China's Cryptocurrency Clampdown Turns Country Into A Bitcoin
cryptocurrency-event-2018

China was once the hub of the cryptocurrency movement. After a government crackdown in 2017, however, China has become a cryptocurrency “wasteland” according to a new report from Bloomberg.

“Crackdown turns China from bitcoin’s epicenter to a wasteland,” reported Bloomberg earlier this week, citing stats like declining Yuan volume on cryptocurrency exchanges worldwide.

The Chinese Yuan accounts for less than 1% of global cryptocurrency trading volume, according to a report from China’s state-run news outlet, Xinhua News Agency, which cited data from China’s central bank.

Japan has taken China’s place as a cryptocurrency trading epicenter. The Japanese Yen is now the most frequently-used currency for trading.

While China was banning crypto-related activities in 2017, Japan was embracing them. Japan introduced a licensing system for digital asset venues in 2017. Today, the Japanese Yen accounts for more than 45% of global bitcoin trading volume, according to CryptoCompare.com.

In September 2017, the Chinese government banned initial coin offerings (ICOs), declaring ICOs illegal across the country. That ban led to an instant 10% drop in bitcoin prices. Soon after the ban was announced, the Shanghai-based BTCC bitcoin exchange, formerly one of the world’s highest-volume exchanges, announced that it had been forced to close its Chinese trading operations.

Despite the ICO ban, cryptocurrency trading continued in China throughout the end of 2017 and into 2018. Then, in February, the People’s Bank of China (PBOC), the central regulatory authority for financial institutions in the country, issued a statement declaring that it would “block access to all domestic and foreign cryptocurrency exchanges and ICO websites”, preventing citizens of China from trading cryptocurrencies in any way.

Today, the PBOC continues to view virtual currencies as illegal because, as reported by Investopedia, “they are not issued by any recognized monetary institution, don’t hold any legal status that can make them equivalent to money, and hence advises against their circulation as a currency.”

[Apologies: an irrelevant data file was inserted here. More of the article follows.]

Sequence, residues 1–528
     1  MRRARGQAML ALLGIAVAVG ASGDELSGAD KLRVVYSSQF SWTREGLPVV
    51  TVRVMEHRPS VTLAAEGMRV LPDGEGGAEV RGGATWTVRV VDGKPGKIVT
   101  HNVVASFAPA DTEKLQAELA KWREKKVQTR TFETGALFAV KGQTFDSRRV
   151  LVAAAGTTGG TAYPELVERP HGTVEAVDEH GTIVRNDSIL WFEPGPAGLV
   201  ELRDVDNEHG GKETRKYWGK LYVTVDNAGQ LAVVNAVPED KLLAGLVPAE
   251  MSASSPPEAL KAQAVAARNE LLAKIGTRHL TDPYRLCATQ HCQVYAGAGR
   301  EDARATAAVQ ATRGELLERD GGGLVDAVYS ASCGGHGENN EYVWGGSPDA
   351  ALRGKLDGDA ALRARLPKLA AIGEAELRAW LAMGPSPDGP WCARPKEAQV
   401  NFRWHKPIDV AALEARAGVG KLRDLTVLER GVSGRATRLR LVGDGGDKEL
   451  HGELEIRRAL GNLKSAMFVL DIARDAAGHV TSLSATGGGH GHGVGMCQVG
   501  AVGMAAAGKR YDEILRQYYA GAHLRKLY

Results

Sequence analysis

If the latest report from Xinhua is to be believed, then this ban has worked incredibly well. Chinese traders have moved their activities to the semi-autonomous region of Hong Kong, while Japanese exchanges have become more prominent following the ban.

Of course, Xinhua is a state-run news agency, which means they’re likely to put a positive spin on any government initiatives. The report also doesn’t explain the number of Chinese traders who have circumvented the ban.

It’s also important to note that 1% of global bitcoin trading volume is still a significant figure. Over the last 24 hours, traders traded approximately $3.6 billion worth of bitcoin across all crypto exchanges. If the Chinese Yuan accounts for 1% of this trading volume, then that means the Chinese Yuan is responsible for approximately $36 million USD (240 million CNY) of bitcoin trading volume every day – still a significant amount.

There is a silver lining here. China is the world’s largest country. Prior to the government crackdown, China had more bitcoin users than any other country in the world. Overnight, the government issued sharp restrictions on cryptocurrencies. The price of bitcoin plummeted and some people called it the end of cryptocurrencies. However, that death never took place, and crypto prices quickly bounced back. If cryptocurrencies can survive being banned in the world’s most populous country, then that’s good news for the longevity of cryptocurrencies.

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